Like many kids, my 7-year-old wants things — many, many expensive things I don’t necessarily have the budget or desire to purchase for him. Besides, that’s what allowances are for, right? Now if only we could reach an agreement regarding what his domestic efforts are worth …
Our latest allowance negotiation went something like this:
Me: If you can manage a few simple daily and weekly chores, you can earn a weekly allowance.
Him: How much?
Me: Well, that depends on how much you do.
Him: I’ll keep my room clean if you pay me $30 a week.
Me: Um, no.
Him: Keeping my room clean is hard and $30 isn’t that much, anyway.
As I readied myself to launch into an impassioned discussion involving the value of money, I stopped to remember who I was talking to. This was the kid who wanted to buy his teacher a gold bracelet, the kid who freely gives all his money to those collecting for a cause, the kid who thinks all I have to do is go to “that machine” to get money, never realizing I deposited it there in the first place.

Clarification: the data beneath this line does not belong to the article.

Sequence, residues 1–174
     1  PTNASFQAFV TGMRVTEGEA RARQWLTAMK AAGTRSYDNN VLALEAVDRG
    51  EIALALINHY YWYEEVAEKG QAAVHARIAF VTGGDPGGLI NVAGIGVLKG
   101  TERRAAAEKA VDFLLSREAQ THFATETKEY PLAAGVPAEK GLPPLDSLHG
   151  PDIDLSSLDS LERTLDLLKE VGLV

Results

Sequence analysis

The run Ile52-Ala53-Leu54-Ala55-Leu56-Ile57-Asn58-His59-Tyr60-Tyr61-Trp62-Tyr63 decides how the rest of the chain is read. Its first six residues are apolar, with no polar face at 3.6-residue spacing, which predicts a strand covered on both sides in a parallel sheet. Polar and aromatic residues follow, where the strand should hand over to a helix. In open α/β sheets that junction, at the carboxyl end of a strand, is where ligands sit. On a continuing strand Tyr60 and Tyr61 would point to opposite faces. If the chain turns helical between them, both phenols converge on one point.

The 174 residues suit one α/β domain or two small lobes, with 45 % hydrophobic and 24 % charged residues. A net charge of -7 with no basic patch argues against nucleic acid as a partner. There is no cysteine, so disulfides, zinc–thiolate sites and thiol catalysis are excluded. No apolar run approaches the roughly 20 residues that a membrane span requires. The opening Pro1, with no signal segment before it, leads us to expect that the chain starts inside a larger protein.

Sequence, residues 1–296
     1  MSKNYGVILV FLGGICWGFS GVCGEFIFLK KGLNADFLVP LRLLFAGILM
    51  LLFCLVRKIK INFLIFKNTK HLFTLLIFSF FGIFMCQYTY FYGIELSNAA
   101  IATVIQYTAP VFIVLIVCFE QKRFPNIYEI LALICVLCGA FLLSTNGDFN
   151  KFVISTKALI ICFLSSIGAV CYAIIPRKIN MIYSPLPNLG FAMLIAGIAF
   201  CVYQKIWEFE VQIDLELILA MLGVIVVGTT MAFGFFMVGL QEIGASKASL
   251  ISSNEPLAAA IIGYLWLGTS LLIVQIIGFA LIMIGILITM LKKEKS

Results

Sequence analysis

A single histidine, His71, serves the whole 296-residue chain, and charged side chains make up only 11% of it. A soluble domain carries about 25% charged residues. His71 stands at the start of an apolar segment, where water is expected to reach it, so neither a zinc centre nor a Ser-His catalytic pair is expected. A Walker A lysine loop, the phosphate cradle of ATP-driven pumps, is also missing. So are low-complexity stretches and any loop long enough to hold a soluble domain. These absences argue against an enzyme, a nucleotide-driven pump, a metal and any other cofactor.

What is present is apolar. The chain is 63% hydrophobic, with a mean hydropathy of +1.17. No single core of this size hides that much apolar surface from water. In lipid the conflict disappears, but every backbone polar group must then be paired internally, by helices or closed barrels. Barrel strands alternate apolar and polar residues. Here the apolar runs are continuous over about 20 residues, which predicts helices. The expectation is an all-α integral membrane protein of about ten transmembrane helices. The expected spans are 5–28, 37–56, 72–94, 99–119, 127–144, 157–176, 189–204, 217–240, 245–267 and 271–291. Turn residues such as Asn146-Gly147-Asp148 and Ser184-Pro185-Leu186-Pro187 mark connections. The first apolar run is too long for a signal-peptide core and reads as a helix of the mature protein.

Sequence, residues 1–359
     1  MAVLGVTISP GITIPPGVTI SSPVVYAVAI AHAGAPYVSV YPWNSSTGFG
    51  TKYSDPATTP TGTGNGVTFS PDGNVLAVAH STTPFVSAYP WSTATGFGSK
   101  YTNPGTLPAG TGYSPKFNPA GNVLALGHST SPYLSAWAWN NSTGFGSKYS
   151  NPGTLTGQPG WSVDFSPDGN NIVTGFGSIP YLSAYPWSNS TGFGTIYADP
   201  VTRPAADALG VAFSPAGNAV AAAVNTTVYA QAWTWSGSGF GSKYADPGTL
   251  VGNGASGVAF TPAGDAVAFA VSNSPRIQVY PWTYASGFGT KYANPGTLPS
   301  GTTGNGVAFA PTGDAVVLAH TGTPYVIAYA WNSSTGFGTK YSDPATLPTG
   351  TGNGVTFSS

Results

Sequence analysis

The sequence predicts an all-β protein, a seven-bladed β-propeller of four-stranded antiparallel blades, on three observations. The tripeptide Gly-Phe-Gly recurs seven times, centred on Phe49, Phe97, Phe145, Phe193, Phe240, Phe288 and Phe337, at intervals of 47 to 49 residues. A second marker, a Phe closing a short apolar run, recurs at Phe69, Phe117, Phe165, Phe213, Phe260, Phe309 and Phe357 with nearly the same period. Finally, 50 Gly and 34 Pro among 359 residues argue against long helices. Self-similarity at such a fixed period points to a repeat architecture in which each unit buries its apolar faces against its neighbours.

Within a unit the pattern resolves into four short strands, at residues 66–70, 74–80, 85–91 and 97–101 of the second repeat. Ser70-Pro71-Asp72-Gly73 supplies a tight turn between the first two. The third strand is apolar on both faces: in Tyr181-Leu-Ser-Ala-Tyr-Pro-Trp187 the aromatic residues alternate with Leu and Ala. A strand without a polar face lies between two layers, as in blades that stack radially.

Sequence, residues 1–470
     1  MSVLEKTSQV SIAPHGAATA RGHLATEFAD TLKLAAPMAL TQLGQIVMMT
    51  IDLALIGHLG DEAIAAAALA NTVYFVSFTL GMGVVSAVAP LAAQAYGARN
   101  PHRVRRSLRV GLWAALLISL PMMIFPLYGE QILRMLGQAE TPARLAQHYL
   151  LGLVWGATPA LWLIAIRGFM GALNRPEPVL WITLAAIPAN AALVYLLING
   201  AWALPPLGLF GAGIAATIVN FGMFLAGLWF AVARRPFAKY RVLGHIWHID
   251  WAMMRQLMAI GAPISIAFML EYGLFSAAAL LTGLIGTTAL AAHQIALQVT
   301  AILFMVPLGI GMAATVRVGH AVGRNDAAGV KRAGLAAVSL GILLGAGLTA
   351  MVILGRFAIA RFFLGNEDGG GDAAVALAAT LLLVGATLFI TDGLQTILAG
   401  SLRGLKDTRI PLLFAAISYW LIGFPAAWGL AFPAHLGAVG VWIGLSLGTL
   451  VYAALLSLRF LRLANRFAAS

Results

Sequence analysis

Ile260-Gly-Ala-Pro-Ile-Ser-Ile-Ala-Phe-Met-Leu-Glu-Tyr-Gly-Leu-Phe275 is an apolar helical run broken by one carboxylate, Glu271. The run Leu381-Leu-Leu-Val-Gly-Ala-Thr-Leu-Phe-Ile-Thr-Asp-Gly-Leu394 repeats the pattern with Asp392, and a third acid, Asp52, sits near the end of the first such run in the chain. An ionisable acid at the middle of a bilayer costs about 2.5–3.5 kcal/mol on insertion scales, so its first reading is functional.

And why would he? Monetary conceptualization takes time, experience, maturity, and of course, gentle and practical guidance from parents.
For fun, I asked a panel of seven kids, ages 3 to 12, to guess the prices of 10 items parents purchase every day. How do you think they did? Find out:
*Pseudonym because obviously.
NOTE: Actual prices of items based on the national average.More On